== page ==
King Arthur of Angus (and Gowrie)? Constantine, King and Saint
Firstly, I must make it clear that I don't think that King Arthur (whoever he was) personally ruled Angus, or whatever the area was called before it was Angus. That would, of course, be absurd. I have in fact a love/hate relationship with Arthurianism. Is it undoubtedly a historical cul-de-sac, diverting attention from its Celtic origins and cynically hiding the theft of native British culture by cynical Norman overlords? Or is it a fascinating world where a dizzying array of cultures and influences collide to create - in some cases - astounding art and legend? Bit of both.
The Northern Arthur means different things to different people. Every bit of the byzantine world of Arthuriana means different things to different people - many of whom would describe themselves as 'experts', and a fair number of whom repeatedly claim to have uncovered the 'real' Arthur. Recent decades have seen a trend to claim that the historical Arthur was primarily active in the area of north Britain which later became Scotland. They cite the early epic The Gododdin (set around Edinburgh, but in its present form much later than its supposed composition around 600 A.D.) which mentions Arthur in passing. Also there is the extremely active and warlike ruler Aedan of Dal Riata, around the same time, who named one of his sons Arthur. But enough of that unsolvable stuff. What about Arthur of Angus? We should actually broaden that to Strathmore, since the traditions are shared with Gowrie, that Perthshire region which shared the great broad valley of Strathmore.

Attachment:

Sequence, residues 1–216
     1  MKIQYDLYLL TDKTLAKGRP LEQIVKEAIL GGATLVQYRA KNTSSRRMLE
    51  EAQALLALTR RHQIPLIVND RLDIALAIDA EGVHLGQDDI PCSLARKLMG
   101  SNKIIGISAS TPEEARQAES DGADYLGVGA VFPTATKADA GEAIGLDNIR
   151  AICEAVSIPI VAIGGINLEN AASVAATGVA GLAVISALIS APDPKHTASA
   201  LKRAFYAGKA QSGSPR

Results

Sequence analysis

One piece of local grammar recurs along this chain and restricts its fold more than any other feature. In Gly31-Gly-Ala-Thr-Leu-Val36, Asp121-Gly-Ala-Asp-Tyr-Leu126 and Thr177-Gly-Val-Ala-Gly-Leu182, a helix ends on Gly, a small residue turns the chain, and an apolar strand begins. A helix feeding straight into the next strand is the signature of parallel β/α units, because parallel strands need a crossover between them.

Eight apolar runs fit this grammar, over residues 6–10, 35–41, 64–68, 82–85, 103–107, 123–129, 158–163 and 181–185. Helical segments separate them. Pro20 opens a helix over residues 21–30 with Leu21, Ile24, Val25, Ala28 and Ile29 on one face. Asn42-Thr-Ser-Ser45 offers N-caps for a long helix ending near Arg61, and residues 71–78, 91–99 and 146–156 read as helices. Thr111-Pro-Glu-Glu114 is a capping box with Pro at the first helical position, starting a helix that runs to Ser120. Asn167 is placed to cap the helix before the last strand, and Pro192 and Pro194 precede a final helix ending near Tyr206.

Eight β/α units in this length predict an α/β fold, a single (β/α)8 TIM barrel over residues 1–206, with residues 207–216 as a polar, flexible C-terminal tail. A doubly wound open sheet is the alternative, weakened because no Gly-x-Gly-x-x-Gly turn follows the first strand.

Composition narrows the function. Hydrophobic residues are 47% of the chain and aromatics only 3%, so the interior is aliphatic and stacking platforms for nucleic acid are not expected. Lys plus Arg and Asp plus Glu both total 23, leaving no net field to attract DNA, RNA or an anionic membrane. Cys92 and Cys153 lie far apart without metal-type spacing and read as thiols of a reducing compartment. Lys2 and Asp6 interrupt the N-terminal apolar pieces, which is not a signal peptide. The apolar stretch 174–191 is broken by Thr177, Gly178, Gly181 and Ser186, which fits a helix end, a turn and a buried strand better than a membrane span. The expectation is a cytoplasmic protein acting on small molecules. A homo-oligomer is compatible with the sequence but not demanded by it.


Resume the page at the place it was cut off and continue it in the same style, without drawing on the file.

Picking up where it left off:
Arthur of Strathmore - a Sidlaws Idyll?
First thing to say, (and I will not fully develop this observation) is that the traditions of Arthur in Strathmore seem to lie alongside - possibly underneath - a rich seam of traditions about Macbeth. I leave that thought there. It seems to be true that the traditions of Arthur, Merlin, et al, which exist in Scotland seem to exist either in the Welsh-British areas of southern Scotland or in the adjacent regions of Pictland which would have spoken a similar language and shared some of the British cultural heritage. There are only a few outlier Arthurian place-names in the Gaelic region.
One of the earliest propagators of the northern Arthur conjecture was the Victorian John S. Stuart Glennie, whose book Arthurian Localities (1869) throws a mass of evidence excitedly at the reader, and some of it sticks. Glennie tramped much of Scotland and northern England on foot, looking at sites first hand and becoming more convinced every step of the way that he was on to something. Maybe he was. A myriad of modern writers have, in essence, ripped him off.
Barry Hill, Meigle
Glennie started his survey of our area from the hill of Barry in Alyth parish (Perthshire), from where he was able to survey the broad valley of Strathmore beneath him. On this site of an old hillfort, Stuart Glennie noted that tradition held this spot as 'the Castle to which the Pictish king Mordred, having defeated King Arthur in a great battle, carried off his Queen Quenivere, or, as she is locally named, Ganora, Vanora, or Wander.'